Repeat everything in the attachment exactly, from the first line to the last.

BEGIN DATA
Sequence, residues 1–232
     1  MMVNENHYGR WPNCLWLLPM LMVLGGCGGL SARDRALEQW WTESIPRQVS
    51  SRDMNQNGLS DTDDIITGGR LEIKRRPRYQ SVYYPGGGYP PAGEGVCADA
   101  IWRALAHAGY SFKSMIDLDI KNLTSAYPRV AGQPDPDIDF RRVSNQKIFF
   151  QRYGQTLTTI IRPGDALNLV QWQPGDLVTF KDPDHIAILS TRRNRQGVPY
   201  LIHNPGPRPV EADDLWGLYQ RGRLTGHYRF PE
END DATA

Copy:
Sequence, residues 1–232
     1  MMVNENHYGR WPNCLWLLPM LMVLGGCGGL SARDRALEQW WTESIPRQVS
    51  SRDMNQNGLS DTDDIITGGR LEIKRRPRYQ SVYYPGGGYP PAGEGVCADA
   101  IWRALAHAGY SFKSMIDLDI KNLTSAYPRV AGQPDPDIDF RRVSNQKIFF
   151  QRYGQTLTTI IRPGDALNLV QWQPGDLVTF KDPDHIAILS TRRNRQGVPY
   201  LIHNPGPRPV EADDLWGLYQ RGRLTGHYRF PE